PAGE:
Latticework lends itself to a variety of decorative effects. To interplay round and square openings, bore holes at the points where strips intersect.
Vertical and horizontal strips make a strong grid pattern. If you don't mind a rough texture and variations in thickness, buy "fall-down" lath, inexpensive wood left over when lumber is milled.
Notched lattice strips create an interesting design motif. You can purchase panels made from notched lattice, buy notched strips, or notch the strips yourself.
Garden-spaced latticework doesn't provide a lot of privacy until vines begin to flourish. If you choose latticework for a trellis or arbor overhead, construct it with 1 x 2s, not lath.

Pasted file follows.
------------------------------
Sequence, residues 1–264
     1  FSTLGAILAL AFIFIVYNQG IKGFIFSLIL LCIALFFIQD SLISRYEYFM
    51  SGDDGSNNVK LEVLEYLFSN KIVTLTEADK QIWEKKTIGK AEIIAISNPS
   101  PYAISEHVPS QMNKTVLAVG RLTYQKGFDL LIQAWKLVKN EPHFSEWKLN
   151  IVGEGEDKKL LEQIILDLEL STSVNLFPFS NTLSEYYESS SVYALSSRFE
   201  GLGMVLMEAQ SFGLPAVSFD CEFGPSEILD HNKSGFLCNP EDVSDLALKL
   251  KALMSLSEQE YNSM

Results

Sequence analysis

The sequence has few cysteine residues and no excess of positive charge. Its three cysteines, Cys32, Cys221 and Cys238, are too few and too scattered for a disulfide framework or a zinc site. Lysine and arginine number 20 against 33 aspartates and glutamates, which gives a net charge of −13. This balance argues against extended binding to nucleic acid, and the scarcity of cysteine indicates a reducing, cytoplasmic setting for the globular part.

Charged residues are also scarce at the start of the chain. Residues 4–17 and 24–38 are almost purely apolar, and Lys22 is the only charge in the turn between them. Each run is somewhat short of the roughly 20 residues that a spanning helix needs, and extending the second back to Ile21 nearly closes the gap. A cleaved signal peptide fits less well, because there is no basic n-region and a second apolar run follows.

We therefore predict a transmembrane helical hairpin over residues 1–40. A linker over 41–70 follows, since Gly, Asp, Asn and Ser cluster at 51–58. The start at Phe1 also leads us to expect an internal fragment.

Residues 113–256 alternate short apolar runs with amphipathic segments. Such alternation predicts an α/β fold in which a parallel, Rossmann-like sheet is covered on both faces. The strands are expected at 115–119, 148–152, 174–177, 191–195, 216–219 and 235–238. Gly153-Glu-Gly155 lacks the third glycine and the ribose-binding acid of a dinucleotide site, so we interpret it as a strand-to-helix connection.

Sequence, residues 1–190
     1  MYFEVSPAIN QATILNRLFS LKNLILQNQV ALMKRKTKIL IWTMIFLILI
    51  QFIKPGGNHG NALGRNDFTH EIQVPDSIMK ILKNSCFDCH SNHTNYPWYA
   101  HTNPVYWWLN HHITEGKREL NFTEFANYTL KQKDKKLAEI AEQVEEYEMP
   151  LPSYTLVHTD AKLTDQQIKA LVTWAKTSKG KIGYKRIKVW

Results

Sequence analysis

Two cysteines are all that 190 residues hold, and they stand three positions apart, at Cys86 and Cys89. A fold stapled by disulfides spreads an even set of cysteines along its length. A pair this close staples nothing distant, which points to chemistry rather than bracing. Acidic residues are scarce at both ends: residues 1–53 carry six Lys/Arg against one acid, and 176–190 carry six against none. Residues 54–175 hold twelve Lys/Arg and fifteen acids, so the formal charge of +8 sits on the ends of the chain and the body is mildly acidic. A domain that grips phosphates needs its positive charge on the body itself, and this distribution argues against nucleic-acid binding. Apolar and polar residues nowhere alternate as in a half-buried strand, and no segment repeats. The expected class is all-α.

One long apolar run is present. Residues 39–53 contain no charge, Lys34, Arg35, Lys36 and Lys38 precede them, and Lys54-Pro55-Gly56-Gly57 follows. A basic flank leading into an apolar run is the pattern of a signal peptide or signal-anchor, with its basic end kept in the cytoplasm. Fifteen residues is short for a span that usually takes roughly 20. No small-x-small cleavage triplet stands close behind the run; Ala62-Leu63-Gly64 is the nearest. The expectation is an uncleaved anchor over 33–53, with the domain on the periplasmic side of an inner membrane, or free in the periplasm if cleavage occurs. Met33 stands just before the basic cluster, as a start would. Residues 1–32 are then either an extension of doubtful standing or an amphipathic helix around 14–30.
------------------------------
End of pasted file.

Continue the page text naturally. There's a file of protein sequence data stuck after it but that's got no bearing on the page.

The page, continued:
If you don't like the looks of metal rail connectors, attach rails to posts with one of the joints shown here. All work equally well. Choose based on your tools and skills. To make a dado joint, cut away part of the post so the rail will be flush (or nearly flush) with the post. For a block joint, nail a short piece of 2 x 2 to the post, rest the rail on top of it, and toenail through the block into the post. For a butt and toenail joint, drive nails at an angle through the rail into the post.